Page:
Luis found a song on one of his shows, Las Vegas, and I like it too - this is not my normal style of music but it is really quite energetic, great beat, excellent dance floor music. I hope the DJ at our squad installation dinner in March has this to play! It is a song called Ponce de Replay - I think - sometimes Windows Media Player does not get the names quite right. It is by a young woman named Rihanna - good Irish name! Well, Celtic, anyway. Nonetheless, while this is dance music, something that I usually only find good on a dance floor at a wedding or big party, this is fun to listen to anywhere.

There are, of course, always exceptions - I really have little use for Country and Western in any fashion, but The Devil Went Down to Georgia is undoubtedly one of those remarkable exceptions. It is fun and great to listen or dance to. Those songs are always exceptions.

I do like a fair amount of heavy metal, although not enough to own too much of it. I listen to a lot of punk, alternative, rock, classical, soundtracks and Irish/folk music. I also love Dead Can Dance, an Irish group that does a lot of Middle Eastern music. I love folk music from all over - we went to a friend's wedding that was Hindi - it was an amazing wedding - and I loved the music. I really should get Vineet to send me some of the music he had there. I loved it. This is one reason that I hate it when people say that any culture is all bad or whatever, or are just terribly prejudice. That is an entire culture that you are ignoring - the history, the music, the books, the knowledge, food, etcetera - the list of things that any culture contributes to the world is endless - it is a terrible thing to be so insular. And yet, so many cultures are totally insular. Certainly Americans epitomize this attitude. This is where I am not - NOT AT ALL - proud to be an American. I would not be happy to be a part of any group with that attitude. Mostly I like being an American and this is an amazing country to live in but not when it comes to the pervasive attitude that we are the living end and should not embrace any other culture but ours!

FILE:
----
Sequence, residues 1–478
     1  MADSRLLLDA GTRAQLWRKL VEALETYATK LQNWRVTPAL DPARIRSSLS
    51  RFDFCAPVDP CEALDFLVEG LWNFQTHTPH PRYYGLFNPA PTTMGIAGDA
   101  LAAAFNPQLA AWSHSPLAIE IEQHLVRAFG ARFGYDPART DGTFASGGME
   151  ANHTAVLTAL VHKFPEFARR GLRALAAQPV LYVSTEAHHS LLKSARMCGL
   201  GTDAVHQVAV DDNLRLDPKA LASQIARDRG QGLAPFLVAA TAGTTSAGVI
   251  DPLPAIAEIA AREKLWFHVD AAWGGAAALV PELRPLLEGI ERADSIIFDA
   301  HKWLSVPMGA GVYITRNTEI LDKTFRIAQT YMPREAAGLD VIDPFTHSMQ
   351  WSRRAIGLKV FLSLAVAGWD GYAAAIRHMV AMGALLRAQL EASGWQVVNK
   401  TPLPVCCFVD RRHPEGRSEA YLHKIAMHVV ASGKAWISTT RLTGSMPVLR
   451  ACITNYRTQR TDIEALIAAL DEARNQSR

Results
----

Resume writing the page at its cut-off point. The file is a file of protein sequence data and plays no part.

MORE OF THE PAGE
Again, another topic for another time, I guess.

Anyway, I love music.

And I have it - or try to have it - everywhere. I have a radio/MP3-CD player in my office at work, my computer in my home office (where I am right now, happily ripping and burning music at this very moment), in my car, and a wonderful little MP3/WMA player that Luis got me for Christmas last year. I have the Rio Carbon. I got Luis an iPod for his 40th birthday in June (back when I was rich, ha, ha) but I like my player much better. It holds as much as his iPod, but weighs quite a bit less. That iPod is a doorstop! I have a ZipConnect stereo system on my Christmas list this year, as my radio at work is starting to experience issues and I know it will eventually cease to work. Then what? I won't go in without something else! I don't think it will look good if I'm sitting there with headphones on.

So there it is - a nearly two hour dissertation on music!

And this brings us back to the original statement:

I love music!

Tuesday, 15 November 2005

Exempt From "Do Not Call" List

Clearly, as with everything, there are exceptions. When I signed up for the "Do Not Call" list, I honestly and stupidly thought this meant that ALL of the abuse would stop. The local yokels, my credit card, other credit cards, surveys, political messages, the list is endless.